The second slip of paper gives two or three words with a slash in between each
word. The students must then create a question using those words in that order. For
example the question “Why does Jane get wet?” was created from the following info
given “Why/Jane/ get wet?” When the majority of the class arrived, Ms. Mary had
some of the students come up to the board to write their answers/questions. Then
the class was given a “spelling test” where Ms. Mary called out the words that were
written on the board the previous day. She said the word, used them in a sentence,
and then had the students write them down. After all words were read she had me
write them on the chalkboard. I had participated in the test as well and made the
comment that I always need practice on my spelling. Ms. Mary immediately jumped
on my response and reiterated what she had apparently told them many times
before. She said that she has told them many times that we never stop practicing
our spelling because there are so many words in the English language and there is
always room to learn more. After the spelling test, one of the students asked the
difference between the word ravished and the spelling word ravaged. Ms. Mary
immediately knew the best way to explain the difference and the students seemed
to completely understand her. She provided a definition for both and then gave an
example in real life that helped to describe these words. The next activity involved
the students taking out a book that was compiled of true stories for high-beginning
readers. The story they read today was about a surgeon who was trapped under
rock after an earthquake. When he was rescued he noticed that four fingers on his
dominant hand had been crushed. He then had many surgeries to fix his hand and
eventually replaced his fingers with his toes. He became a successful surgeon
because his hand was fixed and he gained a new love for his occupation. The entire
passage was read aloud by the students and Ms. Mary would stop the reading if a
word was mispronounced and immediately corrected them. She would also stop
when there was a phrase that could seem confusing to those who did not grow up in
this culture. For example, she asked the class what was meant by “my right hand is
my future.” She explained that this meant that because the man was a surgeon, his
career would be ruined if his hand were to suffer from the earthquake. After the
reading of the story, the workbook had a series of vocabulary, comprehension, and
discussion/writing questions. The students went through all of those with the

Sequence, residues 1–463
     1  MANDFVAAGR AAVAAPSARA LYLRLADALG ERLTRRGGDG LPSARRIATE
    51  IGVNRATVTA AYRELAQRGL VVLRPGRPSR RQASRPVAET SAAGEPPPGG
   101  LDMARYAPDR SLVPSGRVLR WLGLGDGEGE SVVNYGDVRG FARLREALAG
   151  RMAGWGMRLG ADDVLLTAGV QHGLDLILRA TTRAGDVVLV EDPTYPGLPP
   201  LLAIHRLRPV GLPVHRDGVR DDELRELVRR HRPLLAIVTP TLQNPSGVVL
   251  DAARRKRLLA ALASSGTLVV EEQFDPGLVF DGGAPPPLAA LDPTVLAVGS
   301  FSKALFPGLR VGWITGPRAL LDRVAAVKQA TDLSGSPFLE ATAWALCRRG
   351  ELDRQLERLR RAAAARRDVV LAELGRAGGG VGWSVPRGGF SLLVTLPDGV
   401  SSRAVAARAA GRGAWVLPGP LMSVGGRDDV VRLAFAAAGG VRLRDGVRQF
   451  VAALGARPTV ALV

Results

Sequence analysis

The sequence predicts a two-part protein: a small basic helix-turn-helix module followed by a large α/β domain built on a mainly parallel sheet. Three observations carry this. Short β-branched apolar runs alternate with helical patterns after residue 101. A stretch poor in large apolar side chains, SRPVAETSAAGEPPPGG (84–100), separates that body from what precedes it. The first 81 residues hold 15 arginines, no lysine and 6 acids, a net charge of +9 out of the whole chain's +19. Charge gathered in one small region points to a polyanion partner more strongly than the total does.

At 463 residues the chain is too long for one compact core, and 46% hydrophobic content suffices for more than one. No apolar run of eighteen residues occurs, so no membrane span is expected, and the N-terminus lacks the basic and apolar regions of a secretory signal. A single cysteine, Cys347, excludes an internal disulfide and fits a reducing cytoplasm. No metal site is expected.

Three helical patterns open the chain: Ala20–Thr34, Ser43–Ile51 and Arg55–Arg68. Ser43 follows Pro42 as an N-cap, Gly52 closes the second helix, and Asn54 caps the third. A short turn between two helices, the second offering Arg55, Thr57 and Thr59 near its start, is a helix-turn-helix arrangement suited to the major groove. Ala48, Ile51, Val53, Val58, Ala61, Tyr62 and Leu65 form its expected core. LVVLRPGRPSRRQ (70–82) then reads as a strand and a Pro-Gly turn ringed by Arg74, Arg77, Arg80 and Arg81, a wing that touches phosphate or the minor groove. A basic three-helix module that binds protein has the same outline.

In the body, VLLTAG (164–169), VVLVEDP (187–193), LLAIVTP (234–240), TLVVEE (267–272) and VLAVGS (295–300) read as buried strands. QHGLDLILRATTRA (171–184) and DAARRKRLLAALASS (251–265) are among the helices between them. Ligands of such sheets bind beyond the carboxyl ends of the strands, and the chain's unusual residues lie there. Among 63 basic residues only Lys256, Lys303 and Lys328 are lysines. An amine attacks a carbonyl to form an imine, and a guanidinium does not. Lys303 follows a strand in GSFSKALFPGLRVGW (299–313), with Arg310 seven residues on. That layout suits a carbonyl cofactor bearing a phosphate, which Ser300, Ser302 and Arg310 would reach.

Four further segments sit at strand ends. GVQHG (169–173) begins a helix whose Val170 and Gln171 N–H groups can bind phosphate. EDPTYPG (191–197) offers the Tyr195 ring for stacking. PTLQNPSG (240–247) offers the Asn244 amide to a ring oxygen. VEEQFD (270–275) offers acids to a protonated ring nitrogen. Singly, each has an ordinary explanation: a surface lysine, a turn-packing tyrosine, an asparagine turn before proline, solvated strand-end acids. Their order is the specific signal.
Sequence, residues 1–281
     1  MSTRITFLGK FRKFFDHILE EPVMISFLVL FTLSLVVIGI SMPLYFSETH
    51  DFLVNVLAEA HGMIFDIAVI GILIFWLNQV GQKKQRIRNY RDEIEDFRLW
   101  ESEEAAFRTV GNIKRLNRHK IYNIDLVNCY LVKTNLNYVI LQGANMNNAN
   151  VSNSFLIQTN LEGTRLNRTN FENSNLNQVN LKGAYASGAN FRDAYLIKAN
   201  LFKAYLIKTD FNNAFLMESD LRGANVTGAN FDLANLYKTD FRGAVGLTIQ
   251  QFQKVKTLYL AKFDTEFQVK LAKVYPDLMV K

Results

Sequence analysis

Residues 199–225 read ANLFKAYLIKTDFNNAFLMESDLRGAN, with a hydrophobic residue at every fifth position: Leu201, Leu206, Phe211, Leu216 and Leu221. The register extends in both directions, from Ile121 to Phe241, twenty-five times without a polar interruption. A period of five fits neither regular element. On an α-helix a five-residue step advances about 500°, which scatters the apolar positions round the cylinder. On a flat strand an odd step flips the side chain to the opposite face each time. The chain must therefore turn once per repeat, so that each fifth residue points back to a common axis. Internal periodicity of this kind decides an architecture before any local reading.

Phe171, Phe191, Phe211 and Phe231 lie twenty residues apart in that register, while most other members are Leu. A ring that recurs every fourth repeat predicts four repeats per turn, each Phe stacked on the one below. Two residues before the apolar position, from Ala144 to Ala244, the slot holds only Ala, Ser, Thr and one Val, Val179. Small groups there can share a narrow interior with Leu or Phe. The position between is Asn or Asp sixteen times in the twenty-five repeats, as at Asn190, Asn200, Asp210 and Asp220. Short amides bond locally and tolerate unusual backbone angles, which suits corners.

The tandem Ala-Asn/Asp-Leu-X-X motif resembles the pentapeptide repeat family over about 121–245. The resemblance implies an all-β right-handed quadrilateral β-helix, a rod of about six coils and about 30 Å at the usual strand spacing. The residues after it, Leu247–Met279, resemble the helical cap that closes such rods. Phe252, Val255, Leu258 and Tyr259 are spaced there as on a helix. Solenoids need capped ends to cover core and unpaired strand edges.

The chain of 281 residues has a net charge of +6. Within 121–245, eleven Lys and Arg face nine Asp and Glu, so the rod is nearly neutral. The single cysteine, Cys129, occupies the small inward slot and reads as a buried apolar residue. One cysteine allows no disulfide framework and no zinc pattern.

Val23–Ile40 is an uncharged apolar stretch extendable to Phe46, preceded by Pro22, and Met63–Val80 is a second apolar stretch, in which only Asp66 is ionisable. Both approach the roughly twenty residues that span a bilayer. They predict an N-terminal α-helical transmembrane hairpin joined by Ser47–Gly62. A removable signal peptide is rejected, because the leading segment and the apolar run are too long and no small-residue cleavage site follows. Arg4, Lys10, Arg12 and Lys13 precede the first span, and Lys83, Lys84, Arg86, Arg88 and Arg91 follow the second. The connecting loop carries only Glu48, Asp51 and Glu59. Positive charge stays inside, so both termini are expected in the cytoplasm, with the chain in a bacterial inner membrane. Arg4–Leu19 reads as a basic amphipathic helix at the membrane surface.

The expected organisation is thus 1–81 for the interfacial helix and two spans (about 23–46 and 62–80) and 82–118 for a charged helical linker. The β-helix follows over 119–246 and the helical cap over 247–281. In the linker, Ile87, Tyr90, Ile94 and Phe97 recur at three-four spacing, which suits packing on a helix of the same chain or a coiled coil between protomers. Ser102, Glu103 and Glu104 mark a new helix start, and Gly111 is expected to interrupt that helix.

guidance of Ms. Mary. After they finished with the questions, the students were split
into three groups and were told to discuss any amazing surgical they had heard
about or experienced in their lifetime. Ms. Mary gave an example of one in her life
and then encouraged the others to share theirs with their group. After a good
amount of time, she brought their attention back to the front and asked each group
to pick one person to share their “surgical feat.” I noticed that most of the students
were reluctant to share mainly because that was a lot of speaking in front of the

class that they felt uncomfortable with. However, each group had a person share
their stories in a very informative and expressive way. After this activity they took
out the Expressway books. They were still working in the chapter that was having
them report and accident. This time the accident had occurred the day before so
they had to use past tense. They were given a paragraph with a name, accident,
and address and were told to make a conversation reposting the accident. The
student was able to use the example as an outline to how the conversation was
supposed to go. The students worked with a partner and then were brought back
together as a class to go over what they had just practiced. When going over the
conversations with the class, one woman said the tense of a verb incorrectly but
then tried to back it up with her own logic. Ms. Mary agreed that her logic was
correct, however she told the woman that in the English language “that is just not
the way we talk.” They continued with the activity and when they were finished
they moved on to the next activity. This activity was a fill in portion in the same
section of the book. They were given a sentence with a blank spot, and then were
provided two possible answers. After they worked on and shared the answers to
those fill in questions, they moved on to the listening exercise. The listening
exercise involved audio being given and then providing answers to the questions
asked. However, the questions were not written in the book so that students had to
really listen to the questions being asked. The final activity of the day was another
version of the same worksheet given every day. The students worked on the
problems on their own then came together to go over them as a class. Ms. Mary
provided help when words were not being pronounced correctly or when there were
questions asked. After this activity, the class was over and Ms. Mary was saying bye
to everyone. One of the students was leaving for his home country of Brazil so he
would not be returning to the class. She asked him to send her an email when he
made it home safely so that she could share it with the class. This was just another
example of how much Ms. Mary truly cares about her students and how much they
care about her. This was my last observation with Ms. Mary and I am thankful for all
the time I was given to spend learning from her. She is a great teacher to her
student and was a great teacher to me.